More than skin deep

It’s cold out there, folks. As I write this, there is an extreme cold warning across all of southern Manitoba, including Winnipeg. With a few small respites, the next week is expected to remain one of bitterly cold wind chills. When the temperature reaches -45ºC with the wind chill, skin can start to freeze in five to 10 minutes.

On the cover of The Uniter this week, features editor Katherine Cao takes a look at tattoo culture in Winnipeg. It’s ironic that, in a city where we need to cover up our skin for half the year for fear of freezing, so many still feel compelled to decorate that skin with permanent ink.

Of course, tattoos have a purpose beyond being able to show them off. Many millennials have embraced tattoos as a form of self-expression; it’s more important that the tattooed person knows it’s there. But Katherine explores the varied roles tattoos and tattooing play in culture, both broadly and locally.

For plenty of folks, tattooing is work. In Winnipeg’s many parlours, artists learn their craft, managing both the visual beauty and medical safety of tattoos. For others, tattooing is tradition. For people coming from cultures where traditional tattooing has a long and storied history, it can be a way for people to connect with their ancestors or their spirituality.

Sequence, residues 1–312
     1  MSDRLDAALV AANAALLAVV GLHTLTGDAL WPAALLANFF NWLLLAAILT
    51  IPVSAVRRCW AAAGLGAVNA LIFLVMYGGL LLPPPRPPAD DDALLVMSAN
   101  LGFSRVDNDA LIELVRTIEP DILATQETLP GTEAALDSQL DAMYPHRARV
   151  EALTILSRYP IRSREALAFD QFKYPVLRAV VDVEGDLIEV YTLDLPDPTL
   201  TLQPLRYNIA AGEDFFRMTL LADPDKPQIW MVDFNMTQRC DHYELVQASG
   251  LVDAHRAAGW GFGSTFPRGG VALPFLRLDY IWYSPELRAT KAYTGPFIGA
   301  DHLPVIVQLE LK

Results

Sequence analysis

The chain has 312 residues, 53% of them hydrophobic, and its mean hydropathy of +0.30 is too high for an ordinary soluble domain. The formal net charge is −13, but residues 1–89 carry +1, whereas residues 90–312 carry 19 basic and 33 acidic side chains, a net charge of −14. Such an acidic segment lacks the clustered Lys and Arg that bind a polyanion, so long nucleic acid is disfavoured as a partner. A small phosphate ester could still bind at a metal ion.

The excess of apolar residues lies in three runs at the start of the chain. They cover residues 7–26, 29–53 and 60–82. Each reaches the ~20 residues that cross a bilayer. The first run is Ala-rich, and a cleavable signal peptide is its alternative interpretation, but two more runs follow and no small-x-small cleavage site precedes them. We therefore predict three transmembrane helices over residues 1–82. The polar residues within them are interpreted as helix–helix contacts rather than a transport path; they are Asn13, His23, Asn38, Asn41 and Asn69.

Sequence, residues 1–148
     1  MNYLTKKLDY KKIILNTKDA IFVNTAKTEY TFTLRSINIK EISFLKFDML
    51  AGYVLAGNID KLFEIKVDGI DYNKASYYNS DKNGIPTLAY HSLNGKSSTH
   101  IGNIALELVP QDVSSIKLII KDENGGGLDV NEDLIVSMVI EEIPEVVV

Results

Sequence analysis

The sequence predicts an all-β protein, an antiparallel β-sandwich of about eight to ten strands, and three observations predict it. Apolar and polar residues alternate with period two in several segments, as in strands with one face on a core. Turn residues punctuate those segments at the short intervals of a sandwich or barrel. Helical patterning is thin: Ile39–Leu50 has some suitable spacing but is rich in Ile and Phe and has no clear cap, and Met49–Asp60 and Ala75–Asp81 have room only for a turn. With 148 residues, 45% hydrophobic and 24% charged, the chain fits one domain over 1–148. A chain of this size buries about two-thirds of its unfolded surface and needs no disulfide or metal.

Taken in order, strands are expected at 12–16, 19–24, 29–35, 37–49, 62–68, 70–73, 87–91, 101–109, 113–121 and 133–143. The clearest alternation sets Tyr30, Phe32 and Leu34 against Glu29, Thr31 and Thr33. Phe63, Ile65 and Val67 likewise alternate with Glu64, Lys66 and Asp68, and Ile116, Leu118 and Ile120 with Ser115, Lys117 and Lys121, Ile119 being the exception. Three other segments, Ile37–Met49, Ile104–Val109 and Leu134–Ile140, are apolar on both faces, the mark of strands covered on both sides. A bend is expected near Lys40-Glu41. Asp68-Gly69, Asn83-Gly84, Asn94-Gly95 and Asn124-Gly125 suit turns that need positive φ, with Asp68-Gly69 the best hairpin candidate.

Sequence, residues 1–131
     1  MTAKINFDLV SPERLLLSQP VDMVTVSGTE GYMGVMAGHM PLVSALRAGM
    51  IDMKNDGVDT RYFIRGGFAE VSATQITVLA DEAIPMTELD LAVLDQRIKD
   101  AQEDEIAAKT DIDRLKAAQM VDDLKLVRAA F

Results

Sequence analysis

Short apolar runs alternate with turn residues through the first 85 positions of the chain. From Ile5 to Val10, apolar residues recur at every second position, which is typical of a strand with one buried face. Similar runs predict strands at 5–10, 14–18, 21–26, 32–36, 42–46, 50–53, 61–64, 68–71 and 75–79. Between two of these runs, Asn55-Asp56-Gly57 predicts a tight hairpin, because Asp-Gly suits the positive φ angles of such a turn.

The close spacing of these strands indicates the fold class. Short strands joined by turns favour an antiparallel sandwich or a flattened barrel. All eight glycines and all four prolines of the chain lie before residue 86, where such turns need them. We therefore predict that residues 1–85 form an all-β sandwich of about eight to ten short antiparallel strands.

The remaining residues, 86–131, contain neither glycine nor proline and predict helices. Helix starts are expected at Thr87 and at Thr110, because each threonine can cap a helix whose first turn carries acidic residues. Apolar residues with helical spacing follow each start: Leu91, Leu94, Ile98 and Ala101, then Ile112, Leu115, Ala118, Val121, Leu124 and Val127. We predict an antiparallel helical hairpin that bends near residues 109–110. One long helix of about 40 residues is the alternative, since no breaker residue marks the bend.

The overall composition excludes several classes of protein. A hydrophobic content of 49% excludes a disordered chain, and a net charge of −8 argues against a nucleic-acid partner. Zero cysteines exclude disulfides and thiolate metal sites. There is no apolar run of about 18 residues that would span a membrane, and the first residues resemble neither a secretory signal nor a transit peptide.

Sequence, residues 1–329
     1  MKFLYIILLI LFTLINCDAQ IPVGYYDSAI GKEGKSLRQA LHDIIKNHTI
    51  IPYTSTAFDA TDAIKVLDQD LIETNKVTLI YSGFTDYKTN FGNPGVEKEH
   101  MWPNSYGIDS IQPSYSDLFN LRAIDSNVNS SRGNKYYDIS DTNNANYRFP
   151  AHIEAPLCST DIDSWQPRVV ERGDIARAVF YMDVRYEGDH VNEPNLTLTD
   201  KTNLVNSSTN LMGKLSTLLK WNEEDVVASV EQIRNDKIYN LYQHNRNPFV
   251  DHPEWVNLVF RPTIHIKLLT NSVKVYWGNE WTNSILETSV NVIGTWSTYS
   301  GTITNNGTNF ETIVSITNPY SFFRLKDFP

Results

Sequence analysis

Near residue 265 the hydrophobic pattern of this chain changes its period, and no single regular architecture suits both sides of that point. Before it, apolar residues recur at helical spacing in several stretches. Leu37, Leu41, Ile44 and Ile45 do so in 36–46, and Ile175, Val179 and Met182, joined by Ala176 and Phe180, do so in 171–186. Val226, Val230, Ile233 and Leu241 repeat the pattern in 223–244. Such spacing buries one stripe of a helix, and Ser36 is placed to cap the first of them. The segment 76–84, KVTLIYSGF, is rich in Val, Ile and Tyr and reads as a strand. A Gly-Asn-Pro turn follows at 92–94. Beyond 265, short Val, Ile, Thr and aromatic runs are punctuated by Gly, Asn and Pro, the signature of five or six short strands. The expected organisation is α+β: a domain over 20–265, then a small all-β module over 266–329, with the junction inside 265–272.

We’re not quite out of the era in which some potential employers, passersby or relatives still look down their nose at people with tattoos. But the sheer diversity of meaning, methods and uses of tattooing just goes to show that, in a cold city where people need to cover up, ink is more than skin deep.

—Thomas Pashko

Published in Volume 74, Number 18 of The Uniter (February 13, 2020)

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